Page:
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A History of the Japanese People by F. Brinkley

The use of auguries seems to have come at a later date


nails were extracted and his beard was plucked out.

"Unsought in prayer, "The gods will guard "The pure of heart."*

*Kokoro dani Makoto no michi ni Kanai naba Inorazu tote mo Kami ya mamoran.

It is plain, however, that Shinto cannot be included in the category of ethical religions; it belongs essentially to the family of nature religions.


The acts which constituted crimes in ancient Japan were divided into two classes: namely, sins against heaven and sins against the State. At the head of the former list stood injuries to agricultural pursuits, as breaking down the ridges of rice-fields, filling up drains, destroying aqueducts, sowing seeds twice in the same place, putting spits in rice-fields, flaying an animal alive or against the grain, etc. The crimes against the State were cutting and wounding (whether the living or the dead), defilement on account of leprosy or cognate diseases, unnatural offences, evil acts on the part of children towards parents or of parents towards children, etc. Methods of expiating crime were recognized, but, as was the universal custom in remote times, very cruel punishments were employed against evil-doers and enemies. Death was inflicted for comparatively trivial offences, and such tortures were resorted to as cutting the sinews, extracting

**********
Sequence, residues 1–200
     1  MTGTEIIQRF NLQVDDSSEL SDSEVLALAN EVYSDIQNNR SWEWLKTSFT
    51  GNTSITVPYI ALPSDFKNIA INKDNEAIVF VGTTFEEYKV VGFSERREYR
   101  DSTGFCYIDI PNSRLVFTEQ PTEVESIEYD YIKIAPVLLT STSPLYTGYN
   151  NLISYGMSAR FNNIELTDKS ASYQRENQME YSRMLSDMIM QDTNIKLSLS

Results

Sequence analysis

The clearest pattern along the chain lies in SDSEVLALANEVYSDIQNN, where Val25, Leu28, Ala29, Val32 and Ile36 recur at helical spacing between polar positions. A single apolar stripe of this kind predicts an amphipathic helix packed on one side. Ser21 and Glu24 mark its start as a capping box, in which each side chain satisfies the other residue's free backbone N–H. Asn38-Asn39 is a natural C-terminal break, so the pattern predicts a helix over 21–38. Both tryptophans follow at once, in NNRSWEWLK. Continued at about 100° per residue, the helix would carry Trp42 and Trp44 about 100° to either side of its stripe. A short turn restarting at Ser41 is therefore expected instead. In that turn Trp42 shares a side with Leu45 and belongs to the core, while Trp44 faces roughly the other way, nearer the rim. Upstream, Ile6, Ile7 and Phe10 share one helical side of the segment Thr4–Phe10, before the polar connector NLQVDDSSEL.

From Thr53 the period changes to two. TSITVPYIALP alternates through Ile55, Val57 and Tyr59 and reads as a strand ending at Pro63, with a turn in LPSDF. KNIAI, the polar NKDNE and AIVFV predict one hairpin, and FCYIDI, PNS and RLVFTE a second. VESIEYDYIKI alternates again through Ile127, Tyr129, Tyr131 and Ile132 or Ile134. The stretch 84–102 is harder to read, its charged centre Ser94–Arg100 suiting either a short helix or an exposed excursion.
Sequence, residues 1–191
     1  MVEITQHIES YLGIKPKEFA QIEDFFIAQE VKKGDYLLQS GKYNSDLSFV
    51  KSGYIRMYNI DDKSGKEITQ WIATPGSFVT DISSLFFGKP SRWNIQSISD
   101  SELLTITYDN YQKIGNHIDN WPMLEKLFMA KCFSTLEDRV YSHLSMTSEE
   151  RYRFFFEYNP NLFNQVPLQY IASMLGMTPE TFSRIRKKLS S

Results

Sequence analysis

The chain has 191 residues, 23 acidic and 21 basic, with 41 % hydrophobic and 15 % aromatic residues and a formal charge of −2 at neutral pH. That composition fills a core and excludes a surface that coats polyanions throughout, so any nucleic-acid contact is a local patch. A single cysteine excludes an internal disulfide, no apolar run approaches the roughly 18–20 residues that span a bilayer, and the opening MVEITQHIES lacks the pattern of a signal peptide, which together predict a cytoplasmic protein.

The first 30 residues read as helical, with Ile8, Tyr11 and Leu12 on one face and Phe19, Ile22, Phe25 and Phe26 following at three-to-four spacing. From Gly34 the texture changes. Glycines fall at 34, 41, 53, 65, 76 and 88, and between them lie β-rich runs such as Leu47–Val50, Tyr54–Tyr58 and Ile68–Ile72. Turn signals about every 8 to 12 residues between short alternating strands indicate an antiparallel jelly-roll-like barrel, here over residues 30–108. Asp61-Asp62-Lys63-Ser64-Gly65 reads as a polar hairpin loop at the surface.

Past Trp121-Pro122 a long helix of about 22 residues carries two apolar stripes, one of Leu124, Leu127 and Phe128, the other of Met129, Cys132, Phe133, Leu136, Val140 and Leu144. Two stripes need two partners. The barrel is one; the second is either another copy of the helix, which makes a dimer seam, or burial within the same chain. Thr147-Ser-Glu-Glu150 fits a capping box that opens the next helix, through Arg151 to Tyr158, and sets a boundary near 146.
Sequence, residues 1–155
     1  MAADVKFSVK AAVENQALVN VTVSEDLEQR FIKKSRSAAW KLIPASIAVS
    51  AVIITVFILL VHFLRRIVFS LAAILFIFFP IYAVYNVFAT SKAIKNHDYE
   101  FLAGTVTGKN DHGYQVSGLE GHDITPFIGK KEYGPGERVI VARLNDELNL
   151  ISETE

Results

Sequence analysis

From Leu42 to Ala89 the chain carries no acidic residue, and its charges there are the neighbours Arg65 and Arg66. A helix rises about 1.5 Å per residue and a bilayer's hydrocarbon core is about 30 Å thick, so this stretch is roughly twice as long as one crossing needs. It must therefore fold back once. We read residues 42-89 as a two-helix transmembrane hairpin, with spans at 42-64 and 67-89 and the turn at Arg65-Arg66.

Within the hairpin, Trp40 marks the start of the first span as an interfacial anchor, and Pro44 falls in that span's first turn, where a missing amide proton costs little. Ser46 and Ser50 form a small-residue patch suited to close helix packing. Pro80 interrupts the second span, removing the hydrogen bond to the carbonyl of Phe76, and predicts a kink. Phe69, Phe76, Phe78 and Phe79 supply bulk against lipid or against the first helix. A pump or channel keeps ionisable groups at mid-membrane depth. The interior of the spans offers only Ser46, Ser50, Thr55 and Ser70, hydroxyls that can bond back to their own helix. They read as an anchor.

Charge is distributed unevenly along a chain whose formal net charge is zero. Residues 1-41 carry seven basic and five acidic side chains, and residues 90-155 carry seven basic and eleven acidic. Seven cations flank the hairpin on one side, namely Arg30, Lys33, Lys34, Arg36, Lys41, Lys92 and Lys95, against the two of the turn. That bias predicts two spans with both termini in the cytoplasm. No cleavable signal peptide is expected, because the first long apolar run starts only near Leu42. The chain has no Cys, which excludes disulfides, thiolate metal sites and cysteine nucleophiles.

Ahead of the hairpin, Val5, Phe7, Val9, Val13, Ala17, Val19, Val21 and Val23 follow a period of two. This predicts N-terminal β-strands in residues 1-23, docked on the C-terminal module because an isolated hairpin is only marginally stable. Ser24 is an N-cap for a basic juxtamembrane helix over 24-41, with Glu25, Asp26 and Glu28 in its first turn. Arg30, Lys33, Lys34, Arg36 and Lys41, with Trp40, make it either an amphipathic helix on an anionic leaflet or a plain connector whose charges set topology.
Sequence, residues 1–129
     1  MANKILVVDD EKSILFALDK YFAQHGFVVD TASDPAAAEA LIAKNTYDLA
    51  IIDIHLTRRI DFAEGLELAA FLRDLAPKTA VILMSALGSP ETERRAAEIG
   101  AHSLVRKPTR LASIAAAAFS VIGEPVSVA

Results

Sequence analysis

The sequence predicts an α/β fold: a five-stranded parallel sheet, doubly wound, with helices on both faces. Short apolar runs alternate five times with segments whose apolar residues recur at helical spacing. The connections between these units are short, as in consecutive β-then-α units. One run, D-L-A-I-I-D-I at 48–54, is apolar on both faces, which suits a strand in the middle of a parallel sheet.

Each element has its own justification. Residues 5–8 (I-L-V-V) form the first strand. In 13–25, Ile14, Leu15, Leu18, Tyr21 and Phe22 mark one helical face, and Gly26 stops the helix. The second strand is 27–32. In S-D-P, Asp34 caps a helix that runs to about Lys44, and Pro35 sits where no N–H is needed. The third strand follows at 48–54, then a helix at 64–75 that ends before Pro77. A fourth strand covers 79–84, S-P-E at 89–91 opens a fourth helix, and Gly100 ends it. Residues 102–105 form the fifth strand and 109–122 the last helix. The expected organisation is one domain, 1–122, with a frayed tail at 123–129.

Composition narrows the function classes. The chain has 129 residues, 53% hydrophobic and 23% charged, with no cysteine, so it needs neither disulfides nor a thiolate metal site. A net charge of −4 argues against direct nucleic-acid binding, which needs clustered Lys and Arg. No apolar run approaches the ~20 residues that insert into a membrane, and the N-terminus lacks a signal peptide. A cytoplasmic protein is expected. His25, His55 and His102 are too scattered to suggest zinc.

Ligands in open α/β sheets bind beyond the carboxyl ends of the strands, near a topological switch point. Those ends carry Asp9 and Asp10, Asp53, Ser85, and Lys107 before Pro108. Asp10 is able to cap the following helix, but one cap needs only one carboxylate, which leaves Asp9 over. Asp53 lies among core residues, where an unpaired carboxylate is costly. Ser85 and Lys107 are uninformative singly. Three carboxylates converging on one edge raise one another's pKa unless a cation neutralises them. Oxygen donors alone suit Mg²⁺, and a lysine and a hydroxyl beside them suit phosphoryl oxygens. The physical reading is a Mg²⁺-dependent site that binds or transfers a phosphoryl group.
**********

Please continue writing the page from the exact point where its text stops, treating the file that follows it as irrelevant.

the nails and the hair, burying alive, roasting, etc. Branding or tattooing seems to have been occasionally practised, but essentially as a penalty or a mark of ignominy.


As is usually the case in a nation where a nature religion is followed, divination and augury were practised largely in ancient Japan. The earliest method of divination was by roasting the shoulder-blade of a stag and comparing the cracks with a set of diagrams. The Records and the Chronicles alike represent Izanagi and Izanami as resorting to this method of presaging the future, and the practice derives interest from the fact that a precisely similar custom has prevailed in Mongolia from time immemorial. Subsequently this device was abandoned in favour of the Chinese method, heating a tortoise-shell; and ultimately the latter, in turn, gave way to the Eight Trigrams of Fuhi. The use of auguries seems to have come at a later date. They were obtained by playing a stringed instrument called koto, by standing at a cross-street and watching the passers, by manipulating stones, and by counting footsteps.


It has been related that when the "heavenly grandson" undertook his expedition to Japan, the military duties were entrusted to two mikoto* who became the ancestors of the Otomo and the Kume families. There is some confusion about the subsequent differentiation of these families, but it is sufficient to know that, together with the Mononobe family, they, were the hereditary repositories of military authority. They wore armour, carried swords, spears and bows, and not only mounted guard at the palace but also asserted the Imperial authority throughout the provinces. No exact particulars of the organization of these forces are on record, but it would seem that the unit was a battalion divided into twenty-five companies, each company consisting of five sections of five men per section, a company being under the command of an officer whose rank was miyatsuko.

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